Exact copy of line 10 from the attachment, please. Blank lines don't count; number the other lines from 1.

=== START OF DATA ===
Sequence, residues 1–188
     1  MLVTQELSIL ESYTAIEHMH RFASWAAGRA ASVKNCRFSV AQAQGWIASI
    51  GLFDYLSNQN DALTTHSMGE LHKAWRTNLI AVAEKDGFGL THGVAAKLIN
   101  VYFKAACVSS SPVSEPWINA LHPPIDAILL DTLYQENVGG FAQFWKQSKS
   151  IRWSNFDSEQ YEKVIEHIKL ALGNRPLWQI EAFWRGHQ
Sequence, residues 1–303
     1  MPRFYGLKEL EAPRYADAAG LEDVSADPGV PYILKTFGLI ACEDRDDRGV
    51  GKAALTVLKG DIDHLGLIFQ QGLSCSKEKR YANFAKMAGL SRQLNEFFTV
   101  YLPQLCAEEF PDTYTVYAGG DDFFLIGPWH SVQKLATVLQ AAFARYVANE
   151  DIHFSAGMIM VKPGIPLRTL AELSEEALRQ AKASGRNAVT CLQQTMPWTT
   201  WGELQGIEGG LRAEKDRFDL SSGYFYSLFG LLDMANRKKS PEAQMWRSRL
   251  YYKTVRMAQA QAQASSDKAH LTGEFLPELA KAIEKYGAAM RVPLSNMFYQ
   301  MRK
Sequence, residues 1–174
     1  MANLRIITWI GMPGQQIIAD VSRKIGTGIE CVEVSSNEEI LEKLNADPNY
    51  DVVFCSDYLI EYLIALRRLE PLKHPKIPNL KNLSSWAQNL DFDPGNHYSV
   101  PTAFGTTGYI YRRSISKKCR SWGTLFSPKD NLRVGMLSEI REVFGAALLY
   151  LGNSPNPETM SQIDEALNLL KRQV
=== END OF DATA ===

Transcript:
   151  DIHFSAGMIM VKPGIPLRTL AELSEEALRQ AKASGRNAVT CLQQTMPWTT